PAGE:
Take advice from all sources and go with what feels right for you.

Good Luck,
23/01/2006 at 15:22

I don't think you're alone in feeling scared about what we've taken on. I did 10 miles at the weekend and from the way I felt in the last mile, I was having serious doubts about whether I'd be able to make it all the way round 26 of 'em. But then I realised it wasn't what I could run today that counts, but what I can run on the 23rd April, and there's another couple of months of training to go first.

Like you, I started running about 18 months ago (well, started again, to be pedantic, after a 27 year lay off). I've done a few 5 and 10k's over the last year, and from my PB times for those, I went into FLM training thinking - fantasising would be a better word - I could do a sub-3:30 marathon and maybe aim for a GFA time. Then that changed to 'maybe I could do sub-4:00' and finally to "I hope I can get all the way round in one piece". With that more realistic outlook, I've settled on doing the Hal Higdon Novice program and it's full of sensible and reassuring advice.

The other thing is, whatever time you do you'll be able to tell people you set a PB for the marathon.
23/01/2006 at 15:36
Thanks all for your advice! It really helps. Most of the time i tell myself not to think about the 26.2 and just work at it week by week but....

Also, one other thing worrying me is that i am running with sister and her boyf. They are faster than me and i would love to run with them on the day but it seems with every training run we do together it is becoming more unlikely.

Is it worth trying to run with them??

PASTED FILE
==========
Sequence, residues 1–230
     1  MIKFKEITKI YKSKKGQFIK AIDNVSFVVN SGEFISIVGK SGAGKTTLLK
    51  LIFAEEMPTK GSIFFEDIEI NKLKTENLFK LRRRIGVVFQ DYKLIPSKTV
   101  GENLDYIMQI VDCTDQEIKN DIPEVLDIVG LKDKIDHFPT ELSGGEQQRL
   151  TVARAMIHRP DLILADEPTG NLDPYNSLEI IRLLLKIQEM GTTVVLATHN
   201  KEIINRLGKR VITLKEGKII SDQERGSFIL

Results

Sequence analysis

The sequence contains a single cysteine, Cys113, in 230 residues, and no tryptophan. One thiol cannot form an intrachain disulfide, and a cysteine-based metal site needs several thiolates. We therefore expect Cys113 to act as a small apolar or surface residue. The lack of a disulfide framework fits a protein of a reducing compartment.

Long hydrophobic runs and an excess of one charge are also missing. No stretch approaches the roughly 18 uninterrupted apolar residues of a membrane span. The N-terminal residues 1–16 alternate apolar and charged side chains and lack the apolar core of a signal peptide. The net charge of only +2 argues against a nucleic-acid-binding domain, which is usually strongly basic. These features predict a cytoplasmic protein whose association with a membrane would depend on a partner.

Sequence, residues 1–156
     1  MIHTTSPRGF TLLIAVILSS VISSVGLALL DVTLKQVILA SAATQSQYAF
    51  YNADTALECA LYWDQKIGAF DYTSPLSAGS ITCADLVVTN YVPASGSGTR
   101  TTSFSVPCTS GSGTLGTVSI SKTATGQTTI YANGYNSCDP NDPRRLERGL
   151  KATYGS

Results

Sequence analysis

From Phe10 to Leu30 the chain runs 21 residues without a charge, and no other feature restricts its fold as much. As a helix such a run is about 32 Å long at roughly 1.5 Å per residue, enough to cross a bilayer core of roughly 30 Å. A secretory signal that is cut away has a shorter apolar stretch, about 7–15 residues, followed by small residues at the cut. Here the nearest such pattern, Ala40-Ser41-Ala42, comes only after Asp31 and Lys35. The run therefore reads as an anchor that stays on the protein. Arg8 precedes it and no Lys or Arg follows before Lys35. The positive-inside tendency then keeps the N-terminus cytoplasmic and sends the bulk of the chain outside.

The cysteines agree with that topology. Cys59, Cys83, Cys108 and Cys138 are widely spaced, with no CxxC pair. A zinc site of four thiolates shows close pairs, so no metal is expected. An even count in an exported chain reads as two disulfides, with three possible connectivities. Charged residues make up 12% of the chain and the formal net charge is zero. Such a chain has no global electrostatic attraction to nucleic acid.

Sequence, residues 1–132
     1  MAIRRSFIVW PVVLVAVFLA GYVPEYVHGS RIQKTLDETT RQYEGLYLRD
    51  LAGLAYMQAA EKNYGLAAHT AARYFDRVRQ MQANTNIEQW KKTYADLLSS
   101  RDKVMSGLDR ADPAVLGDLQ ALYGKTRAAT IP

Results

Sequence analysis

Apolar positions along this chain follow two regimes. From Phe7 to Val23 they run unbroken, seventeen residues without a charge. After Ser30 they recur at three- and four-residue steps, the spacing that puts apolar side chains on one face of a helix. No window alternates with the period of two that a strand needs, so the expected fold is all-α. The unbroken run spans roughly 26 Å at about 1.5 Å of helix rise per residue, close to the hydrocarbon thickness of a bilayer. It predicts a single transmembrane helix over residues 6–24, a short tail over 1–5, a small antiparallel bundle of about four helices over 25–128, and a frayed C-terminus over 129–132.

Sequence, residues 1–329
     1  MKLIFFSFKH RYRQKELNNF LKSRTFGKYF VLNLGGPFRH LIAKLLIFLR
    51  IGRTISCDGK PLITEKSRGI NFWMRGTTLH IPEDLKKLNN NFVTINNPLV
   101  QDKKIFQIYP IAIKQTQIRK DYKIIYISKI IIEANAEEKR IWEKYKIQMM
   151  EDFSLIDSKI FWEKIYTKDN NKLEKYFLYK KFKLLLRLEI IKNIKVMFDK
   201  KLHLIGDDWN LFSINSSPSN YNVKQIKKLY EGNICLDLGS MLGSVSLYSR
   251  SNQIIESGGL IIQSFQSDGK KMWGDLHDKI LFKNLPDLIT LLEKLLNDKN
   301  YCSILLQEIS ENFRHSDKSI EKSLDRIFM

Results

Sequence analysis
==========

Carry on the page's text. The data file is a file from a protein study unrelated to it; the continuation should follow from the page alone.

23/01/2006 at 15:49

Unless you know for a fact you'll be in the same pen at the start there is no chance you'll be able to run with them.

It's normal to be scared by the distance - it's a bliddy long way! You won't know if you can do it until you've done it. All you can do is trust your plan, do the training and hope for a bit of luck and a tail wind on the day...

I started running last year and after my first 6 mile run thought "no way can I do another 20". And then after my first 10 "no way can I do another 16". I did 15 at the week-end and thought "no way can I do another 9", but the length I can do goes up week on week. Instead on focusing on the 9 miles I still have left, I just tell myself that all I need to do is add 1 mile a week. Now surely, it can't be that hard, can it???
23/01/2006 at 15:59
it all makes perfect sense when other people say it!! need to ignore voices in my head!!
23/01/2006 at 16:06
Difficult question - depends on how much faster they are, how long they've been running, whether they've done a marathon before etc etc.

Basically the balance is between the benefit of their company on the run and the stimulus it gives you to do well against the risk of being dragged around at a pace faster than you can sustain and burning out, at worst not being able to finish. It's a dilemma because challenge is good. As Browning put it "A man's reach should exceed his grasp, or what's a Heaven for?" But it has to be a realistically achievable goal.